Columbia Pictures - Sony Pictures, Niko Tavernise, Associated Press
NEW YORK — Like jumbo jets on the runway, Hollywood's summer movies are lined up, ready for takeoff. Will they hit any turbulence?
If the movie business had a "fasten your seat belt" light, it was certainly flashing last summer. A number of high-profile films tanked while onlookers like Steven Spielberg warned of a coming "implosion" for an increasingly blockbuster-bound Hollywood. A kind of blood sport took hold where — even though the summer's box office ended up setting a record high — some took glee in the downturns of Hollywood's roller coaster ride.
"'Blood sport' is the perfect word for what I saw last year," says Michael Bay. This year, he'll release "Transformers: Age of Extinction" (June 27), a cast makeover for the franchise, and produce another reboot, "Teenage Mutant Nina Turtles" (Aug. 8). A blockbuster veteran, he's accustomed to the frenzied pressures of the season.
"They try to take my movies down every time," says Bay. "The worse reviews I get, the better the box office is. Go figure."
Box office will be the chief barometer of success for the nearly 50 wide releases to open between May and Labor Day in Hollywood's yearly rite of superheroes, sequels and spectacle. It's the time of year when Hollywood bets big on seemingly can't-miss concepts that nevertheless occasionally miss.
This summer kicks off with "The Amazing Spider-Man 2" (May 2), Sony's second installment of its second Spider-Man series. With two sequels and two spinoffs (for Venom and Sinister Six) planned, Spider-Man proves the intensive, high-speed nature of franchise-making in today's Hollywood: Sequels are now developed by the bushel.
Among the summer's other biggest potential blockbusters: the monster re-do "Godzilla" (May 16), the time-traveling mutant thriller "X-Men: Days of Future Past" (May 23), the warped fairy tale "Maleficent" (May 30), the animated sequel "How to Train Your Dragon 2," the Clint Eastwood-directed musical "Jersey Boys" (June 20), the gun-toting gorilla tale "Dawn of the Planet of the Apes" (July 11), the demigod drama "Hercules" (July 25) and Marvel's outer-space adventure "Guardians of the Galaxy" (Aug. 1).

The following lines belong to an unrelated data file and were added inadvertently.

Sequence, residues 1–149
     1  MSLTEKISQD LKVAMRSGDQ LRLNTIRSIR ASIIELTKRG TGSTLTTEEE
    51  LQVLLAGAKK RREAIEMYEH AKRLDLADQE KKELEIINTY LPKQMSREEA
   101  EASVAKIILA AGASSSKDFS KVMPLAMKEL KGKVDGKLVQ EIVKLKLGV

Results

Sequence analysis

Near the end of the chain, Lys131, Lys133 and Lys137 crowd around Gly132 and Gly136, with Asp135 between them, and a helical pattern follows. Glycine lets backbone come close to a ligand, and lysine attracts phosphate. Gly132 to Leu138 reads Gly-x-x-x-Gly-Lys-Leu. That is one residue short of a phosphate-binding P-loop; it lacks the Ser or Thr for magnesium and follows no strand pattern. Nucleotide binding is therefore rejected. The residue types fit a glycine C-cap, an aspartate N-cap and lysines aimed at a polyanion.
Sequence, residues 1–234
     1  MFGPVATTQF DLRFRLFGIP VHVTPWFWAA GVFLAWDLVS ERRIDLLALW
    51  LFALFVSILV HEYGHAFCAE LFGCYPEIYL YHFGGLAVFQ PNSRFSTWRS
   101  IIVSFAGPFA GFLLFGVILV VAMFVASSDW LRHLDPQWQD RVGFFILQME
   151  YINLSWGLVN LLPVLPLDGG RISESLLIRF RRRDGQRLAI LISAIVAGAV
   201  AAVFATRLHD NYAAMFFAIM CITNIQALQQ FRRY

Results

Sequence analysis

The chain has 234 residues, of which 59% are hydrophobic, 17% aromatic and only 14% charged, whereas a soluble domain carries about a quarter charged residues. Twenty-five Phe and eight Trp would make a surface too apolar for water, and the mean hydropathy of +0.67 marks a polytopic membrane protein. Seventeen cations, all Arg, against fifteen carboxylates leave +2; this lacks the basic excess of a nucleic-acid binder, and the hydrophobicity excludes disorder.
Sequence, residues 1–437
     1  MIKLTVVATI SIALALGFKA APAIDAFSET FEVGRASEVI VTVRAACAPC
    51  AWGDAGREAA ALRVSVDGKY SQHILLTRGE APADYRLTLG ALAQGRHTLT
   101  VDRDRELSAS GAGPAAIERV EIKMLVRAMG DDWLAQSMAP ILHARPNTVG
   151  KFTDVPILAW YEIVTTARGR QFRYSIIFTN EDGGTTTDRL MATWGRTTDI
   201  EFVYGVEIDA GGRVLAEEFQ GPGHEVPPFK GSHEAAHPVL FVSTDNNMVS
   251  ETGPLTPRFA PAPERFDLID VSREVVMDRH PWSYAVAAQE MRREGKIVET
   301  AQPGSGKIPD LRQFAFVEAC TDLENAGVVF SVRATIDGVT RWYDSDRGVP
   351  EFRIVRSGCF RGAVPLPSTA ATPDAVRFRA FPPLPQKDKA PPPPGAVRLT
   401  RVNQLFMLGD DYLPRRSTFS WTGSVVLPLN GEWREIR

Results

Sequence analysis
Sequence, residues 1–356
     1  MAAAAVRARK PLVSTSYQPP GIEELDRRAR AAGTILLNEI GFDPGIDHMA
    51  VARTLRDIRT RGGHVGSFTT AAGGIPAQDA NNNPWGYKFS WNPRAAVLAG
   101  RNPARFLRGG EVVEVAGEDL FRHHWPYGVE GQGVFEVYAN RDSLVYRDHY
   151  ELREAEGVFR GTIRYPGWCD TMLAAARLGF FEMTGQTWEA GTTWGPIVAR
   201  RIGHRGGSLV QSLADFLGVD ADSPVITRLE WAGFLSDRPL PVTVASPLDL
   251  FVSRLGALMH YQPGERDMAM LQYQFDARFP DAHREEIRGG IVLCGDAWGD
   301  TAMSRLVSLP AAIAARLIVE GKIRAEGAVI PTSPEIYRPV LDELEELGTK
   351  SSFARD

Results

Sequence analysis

The steady drumbeat of high-decibel drama will leave little room for error.
"I've been the windshield and I've been the bug," says Jon Favreau, the director of the widely popular "Iron Man," as well as the less successful "Cowboys & Aliens."
This summer, Favreau takes a break from tentpoles with "Chef " (May 9), an independent film he wrote and directed about a big-name restaurant chef who loses his job and opens a food truck. For Favreau, it's a happy hiatus from "the politics of marketing and release schedules."
The biggest summer films will be among the most test-screened, audience-tracked releases of the year, carefully shaped to entertain audiences whose social-media appetites are whetted by months of trailers and sneak-peaks.
Whereas some studios have been pulling back on their production schedules, focusing on fewer but bigger movies, Warner Bros. is running the other direction. This summer, the studio will release a leading eight movies.
"The domestic box office and the worldwide box office are at record heights, and it's continuing to grow, especially in the international world with China and Russia, in particular," says Dan Fellman, head of domestic distribution for Warner Bros. "We're going to let it fly this summer."
But unexpected events and swift changes in taste have a way of interrupting Hollywood's increasingly finely planned release strategies. (Marvel president Kevin Feige recently said he's plotted its movies through 2028.)
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